Leeds Film Festival 2011: Day 17

Children Who Chase Lost Voices From Deep Below (Jpn) (site)

Unusually, despite my penchant for big budget, beautiful animé, I had somehow yet to watch any Makoto Shinkai film, so I have been looking forward to this all through the festival.

Asuna is a young girl in a rural Japanese village. Her mother is often away working as a night nurse, leaving her to pick up the slack at home. Her father died some time ago. Her little hidey hole where she goes for a bit of solitude, at the top of a nearby hill overlooks a forest and she spends much of her time there in peace, until a strange, bear-like creature attacks her on the way. She is only saved by a mysterious boy, Shun, who seems to leave shortly afterwards, but not before some shadowy agent types begin to snoop around, following rumours that the beast was guarding an entrance to some underground world.

Children Who Chase Lost voices (he has a habit of giving his films long names) is the latest from an artist who raised some eyebrows with his almost entirely one-man produced Voices From a Distant Star a decade ago, and has since come to be thought of in some circles as the next Miyazaki.

Perhaps this comparison has reached his own ears, because the film is VERY much in the style of several Ghibli films. Shun is a dead ringer from Arren from Tales of Earthsea, and the beautiful underground world inhabited by tall humanoid beasts and strange night spectres raises comparisons with Laputa and Mononoke especially, and Mimi the little cat that befriends Asuna is a dead ringer for Nausicaa's Teto. This would be okay, if a little cheap if it didn't feel like a direct lift of some of the themes, and in a very clinical way. There doesn't feel to be much heart underneath the undeniable beauty of the animation, with it's gorgeous starry skies and sunsets, and the usual pillow shots of incidental wildlife. Only half-way in does it start to feel anything other than melodramatic, and even then I didn't care so much about the characters to really identify with the perceived messages of love and loss.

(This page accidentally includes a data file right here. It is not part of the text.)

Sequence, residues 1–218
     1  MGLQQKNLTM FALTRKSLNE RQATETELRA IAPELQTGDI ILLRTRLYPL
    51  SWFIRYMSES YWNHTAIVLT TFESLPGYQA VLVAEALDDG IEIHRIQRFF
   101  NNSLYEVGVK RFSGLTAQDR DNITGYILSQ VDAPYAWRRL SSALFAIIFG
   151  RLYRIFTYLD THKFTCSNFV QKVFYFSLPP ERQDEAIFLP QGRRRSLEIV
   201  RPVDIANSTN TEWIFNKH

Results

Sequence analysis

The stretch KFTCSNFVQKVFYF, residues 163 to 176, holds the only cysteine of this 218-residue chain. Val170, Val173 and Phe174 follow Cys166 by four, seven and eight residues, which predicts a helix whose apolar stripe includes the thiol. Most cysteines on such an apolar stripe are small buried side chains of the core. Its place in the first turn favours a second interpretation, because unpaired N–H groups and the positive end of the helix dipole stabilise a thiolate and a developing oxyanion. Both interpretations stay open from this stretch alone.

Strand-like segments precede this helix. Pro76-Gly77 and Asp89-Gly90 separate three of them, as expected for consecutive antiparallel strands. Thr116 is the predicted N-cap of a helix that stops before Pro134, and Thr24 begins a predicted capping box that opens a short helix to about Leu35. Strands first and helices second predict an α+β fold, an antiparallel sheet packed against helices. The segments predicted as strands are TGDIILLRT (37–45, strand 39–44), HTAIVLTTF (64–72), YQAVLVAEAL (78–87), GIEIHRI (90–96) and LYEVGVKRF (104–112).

I did enjoy the film as a whole, and while there is no doubt that Makoto Shinkai is a major talent in the animé field, and he has certainly managed to get the visuals sorted out, he still has a long way to go before the story underneath can hit the sort of levels achieved by his inspiration. 7/10

We Have a Pope (Ita) (wiki)

I had the good fortune to see this, as it had been given a second run due to it's popular reception. Habemus Papam is the exclamation traditionally given when a new pope is elected. As the streets of Rome fall silent and the masses gather to see the black smoke turn white, a decision is being made among the cardinals deep in the recesses of the Vatican on who should have the 'honour' - something that none of them actually want. When a late surge of votes comes in to relative unknown Cardinal Melville, he agrees to changing one silly uniform for another, if only out of shock. As it dawns on him of the weight of the situation, panic ensues, though fortunately out of the public gaze and before he is named.

Bringing in a psychologist (whose hands are tied - he can't ask the pope about anything near the subject of sex!) gets nowhere, so while he is locked in for security's sake, Melville is driven out to the next best psychoanalyst in town - and promptly disappears at the earliest opportunity.

Making a farce out of one of the most important Catholic events certainly takes some guts, and director Nanni Moretti gently but decisively pokes fun of the ridiculous traditions of the church and the repressed lives of those of the cloth, who are often portrayed as helpless babies having their strings pulled by the slimy advisor, Radjski. As well as the satirical humour, this film has some truly surreal moments, not just limited to having a future pope wandering around the streets and chatting with the locals. One particularly glorious scene involves the trapped psychiatrist and a few dozen cardinals, trying to fill time before the pope will 'leave his room' by hosting an international volleyball tournament. It felt like Father Ted all over again.

The film did dip slightly towards the end, but in all it was a funny, gentle dig at the absurdities of the religion rather than the people. 7.5/10

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